This involved calculating how much water could be taken from the river while ensuring a healthy ecosystem (the Sustainable Diversion Limit). Based on these calculations, state governments developed a water recovery program, which aimed to recover 2,750 gigalitres of water per year from consumptive use, through a A$3 billion water entitlement buyback and a A$9 billion irrigation modernisation program.

This program hinged on the development of water accounting tools that could measure both water availability and consumption. Only through trust in this process can downstream users be confident that they are receiving their fair share.

3. States retain control of water

Control of water was a major stumbling block in negotiating the Murray-Darling Basin Plan, because of a clash between states’ water-management responsibilities and the Commonwealth’s obligations to the environment.

As a result, the Murray-Darling Basin Authority sits outside of both state and Commonwealth governments, and states have to draw up water management plans that are subject to approval by the authority.

The states are responsible for enforcing these plans and ensuring that allocations are not exceeded. The Murray-Darling Basin Authority cannot easily enforce action on the ground – a situation that generates potential for state-level political interference, as alleged by the Four Corners investigation.

4. Trust and transparency

The Murray-Darling Basin Plan was built on a foundation of trust and transparency. The buyback scheme has transformed water into a tradeable commodity worth A$2 billion a year, a sizeable chunk of which is held by the Commonwealth Environmental Water Office.

Water trading has also helped to make water use more flexible. In a dry year, farmers with annual crops (such as cotton) can choose not to plant and instead to sell their water to farmers such as horticulturists who must irrigate to keep their trees alive. This flexibility is valuable in Australia’s highly variable climate.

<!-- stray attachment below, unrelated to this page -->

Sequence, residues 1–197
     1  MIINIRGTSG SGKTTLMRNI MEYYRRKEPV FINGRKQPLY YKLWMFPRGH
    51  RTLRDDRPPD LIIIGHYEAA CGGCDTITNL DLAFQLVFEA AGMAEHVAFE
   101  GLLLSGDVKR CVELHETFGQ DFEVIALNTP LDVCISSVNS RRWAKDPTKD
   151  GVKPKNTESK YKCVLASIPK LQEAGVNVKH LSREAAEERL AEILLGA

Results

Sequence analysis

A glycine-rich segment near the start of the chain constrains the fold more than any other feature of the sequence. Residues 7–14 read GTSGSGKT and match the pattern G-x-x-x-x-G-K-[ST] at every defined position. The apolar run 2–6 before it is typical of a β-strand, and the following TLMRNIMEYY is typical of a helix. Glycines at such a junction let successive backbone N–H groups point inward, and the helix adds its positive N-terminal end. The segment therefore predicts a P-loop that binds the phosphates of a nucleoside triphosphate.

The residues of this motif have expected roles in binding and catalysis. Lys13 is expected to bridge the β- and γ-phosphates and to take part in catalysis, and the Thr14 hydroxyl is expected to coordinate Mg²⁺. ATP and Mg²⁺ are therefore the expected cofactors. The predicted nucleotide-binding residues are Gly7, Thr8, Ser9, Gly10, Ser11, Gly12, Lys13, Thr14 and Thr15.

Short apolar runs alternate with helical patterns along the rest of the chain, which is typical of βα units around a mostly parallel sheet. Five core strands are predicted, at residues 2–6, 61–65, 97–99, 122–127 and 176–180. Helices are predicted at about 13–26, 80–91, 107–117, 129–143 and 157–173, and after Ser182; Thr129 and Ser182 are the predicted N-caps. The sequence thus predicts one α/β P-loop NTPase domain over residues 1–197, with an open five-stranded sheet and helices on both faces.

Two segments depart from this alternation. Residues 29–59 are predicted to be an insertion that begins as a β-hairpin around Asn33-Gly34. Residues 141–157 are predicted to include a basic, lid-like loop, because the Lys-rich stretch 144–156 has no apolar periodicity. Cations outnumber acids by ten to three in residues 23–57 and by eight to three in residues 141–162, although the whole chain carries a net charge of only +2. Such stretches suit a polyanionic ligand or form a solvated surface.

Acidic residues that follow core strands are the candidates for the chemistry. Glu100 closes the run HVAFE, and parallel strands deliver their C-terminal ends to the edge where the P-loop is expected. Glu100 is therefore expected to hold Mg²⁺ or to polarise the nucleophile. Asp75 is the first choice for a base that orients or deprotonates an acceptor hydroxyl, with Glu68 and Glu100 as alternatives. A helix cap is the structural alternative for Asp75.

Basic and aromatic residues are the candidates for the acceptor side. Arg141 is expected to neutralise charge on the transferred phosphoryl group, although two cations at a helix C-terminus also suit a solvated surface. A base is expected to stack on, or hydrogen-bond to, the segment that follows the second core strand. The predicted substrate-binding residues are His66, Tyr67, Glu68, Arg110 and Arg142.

Yet it is also true that water trading has created some big winners. Those with pre-existing water rights have been able to capitalise on that asset and invest heavily in buying further water rights, an outcome highlighted in the Four Corners story.

More than A$20 million in research investment has been devoted to ensuring that the ecological benefits of water are optimised – most notably through the Environmental Water Knowledge and Research and Long Term Intervention Monitoring programs. What is not clear is whether water extractions and their policing have been subjected to a similar degree of review and rigour.

What next for the Murray-Darling Basin?

The public needs to be able to trust that all parties are working honestly and accountably. This is particularly true for the downstream partners, who are the most likely victims of management failures upstream. Without trust in the upstream states, the Murray-Darling Basin Plan will unravel.

State governments urgently need to reaffirm their commitment to the four pillars that underpin the Murray-Darling Basin Plan, and to reassure the public that in retaining control of water they are operating in good faith.

Finally, rigour and transparency are needed in assessing the Basin Plan’s methods and environmental benefits, and the operation of the water market. The Productivity Commission’s review of national water policy, and its specific review of the Murray-Darling Basin Plan next year, will offer a clear opportunity to reassure everyone that the A$13 billion of public money that has gone into water reform in the past decade has been money well spent.

The ConversationOnly then will the fragile trust that underlies the water reform process be maintained and built.

Ross M Thompson, Chair of Water Science and Director, University of Canberra

This article was originally published on The Conversation. Read the original article.

Article: Forced Underground Streams


The link below is to an interesting article on streams that have been forced to flow underground. It is a very interesting read.

For more, visit:
http://environment.nationalgeographic.com/environment/photos/underground-rivers